Tuesday, August 5, 2014

Poison Ivy

     
Perhaps the most detrimental relationship of all is the toxic one. I call it Poison Ivy because it reminds me of the song “Poison Ivy” by the Coasters. It’s a generational thing. Anyway, I’ve had quite a few toxic relationships in my life, so I know from whence I speak.
     Poison Ivy relationships bring sadness, depression, anxiety, and a bunch of other negative aspects into one’s life. Here are a few examples of a toxic relationship.
     Jane and Sara get together for lunch. Jane begins talking from the beginning of the lunch date about all the trials and tribulations of her life, “Oh, you won’t believe how miserable my life is. I never have enough money to go anywhere, and my grown up son is back home with his girlfriend and now I have more mouths to feed. My health is suffering from all this anxiety and I don’t know what to do about it.” All the while she is smoking and eats like there’s no tomorrow. Meanwhile, Sara has not said a word except to nod and sympathize. The lunch date is over and Sara feels a little depressed that her friend’s life is so terrible and sad that this is what their dates usually sound like. Sara feels trapped.
     Susan and Mary have been friends for a long time. They both work at a local department store. Susan wants to return to school, so she can get a better job and eventually make a better life for herself and her daughter. She tells Mary and Mary immediately begins to tell her all the reasons why going back to school is a terrible idea, “Do you realize how much time you’re going to be away from home? You’re going to have so much work, and you weren’t really that good in school anyway. I would never take the time away from my family for such a selfish reason. What about Emily? Are you thinking about your daughter? What if you fail? Where are you going to get the money from?” On and on goes the negative feedback because Mary is jealous or simply doesn’t want Susan to succeed. Remember, misery loves company? Susan leaves feeling frustrated and doubtful of her decision.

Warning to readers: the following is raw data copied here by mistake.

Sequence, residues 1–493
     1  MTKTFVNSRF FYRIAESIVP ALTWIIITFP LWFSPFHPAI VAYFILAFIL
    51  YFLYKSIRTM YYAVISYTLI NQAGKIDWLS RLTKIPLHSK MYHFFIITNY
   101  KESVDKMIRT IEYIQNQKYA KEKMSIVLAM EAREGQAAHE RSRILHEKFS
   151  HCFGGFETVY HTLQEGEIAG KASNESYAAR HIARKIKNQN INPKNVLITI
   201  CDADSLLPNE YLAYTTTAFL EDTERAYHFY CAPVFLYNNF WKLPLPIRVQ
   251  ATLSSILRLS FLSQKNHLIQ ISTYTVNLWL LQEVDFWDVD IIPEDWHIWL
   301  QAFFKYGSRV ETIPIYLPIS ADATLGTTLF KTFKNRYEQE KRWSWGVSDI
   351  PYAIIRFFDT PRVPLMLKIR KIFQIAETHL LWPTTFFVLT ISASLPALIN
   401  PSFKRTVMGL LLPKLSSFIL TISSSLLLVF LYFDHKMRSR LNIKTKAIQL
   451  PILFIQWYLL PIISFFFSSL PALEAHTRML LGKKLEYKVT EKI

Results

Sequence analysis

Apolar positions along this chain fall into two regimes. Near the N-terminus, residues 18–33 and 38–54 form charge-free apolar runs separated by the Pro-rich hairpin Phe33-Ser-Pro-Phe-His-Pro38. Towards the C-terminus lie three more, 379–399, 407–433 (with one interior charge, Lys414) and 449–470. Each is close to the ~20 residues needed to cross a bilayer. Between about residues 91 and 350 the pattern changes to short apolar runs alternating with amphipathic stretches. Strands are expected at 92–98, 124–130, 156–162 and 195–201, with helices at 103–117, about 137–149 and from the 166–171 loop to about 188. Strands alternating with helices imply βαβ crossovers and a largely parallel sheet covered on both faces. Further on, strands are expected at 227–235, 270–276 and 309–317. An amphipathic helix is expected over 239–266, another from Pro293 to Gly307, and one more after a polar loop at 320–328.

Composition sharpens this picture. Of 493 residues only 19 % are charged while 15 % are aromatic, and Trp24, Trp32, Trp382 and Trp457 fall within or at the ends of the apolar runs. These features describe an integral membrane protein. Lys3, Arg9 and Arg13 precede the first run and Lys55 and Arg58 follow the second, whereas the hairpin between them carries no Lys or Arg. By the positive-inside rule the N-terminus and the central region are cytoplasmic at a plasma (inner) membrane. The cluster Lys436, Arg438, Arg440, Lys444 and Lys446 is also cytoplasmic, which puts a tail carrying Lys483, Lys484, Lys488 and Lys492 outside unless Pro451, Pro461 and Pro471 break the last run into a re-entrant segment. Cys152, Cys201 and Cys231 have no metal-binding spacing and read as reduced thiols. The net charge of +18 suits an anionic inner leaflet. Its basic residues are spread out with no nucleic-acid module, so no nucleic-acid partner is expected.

There are other scenarios where one friend will drag another into drugs, alcohol, excessive shopping or other negative behavior. The problem with toxic friendships is that one does not realize the friendship is toxic until it’s almost too late. Some of my most toxic relationships left me nauseous or with severe migraine headaches.  I wanted to help but felt helpless. I lost some confidence and had to spend hours and in some cases days to restore my self esteem. In one relationship I began questioning my relationship with my husband because she had me so confused about spending and buying.
     I finally realized that Poison Ivy must be avoided at all cost. When you notice yourself feeling depressed or overly upset after a visit with a “friend” ask yourself if this is the norm. Analyze the relationship and think about what is positive and what is negative. Who benefits from the relationship? If the itching is severe and the welts are too red, let it go and take care of yourself.
     Please don’t misunderstand, I realize we all have bad days and our friends need and deserve our attention and love. What I’m talking about is incessant negativity that brings one down repeatedly. Those are the toxic relationships one must avoid.

Link to “Poison Ivy.”


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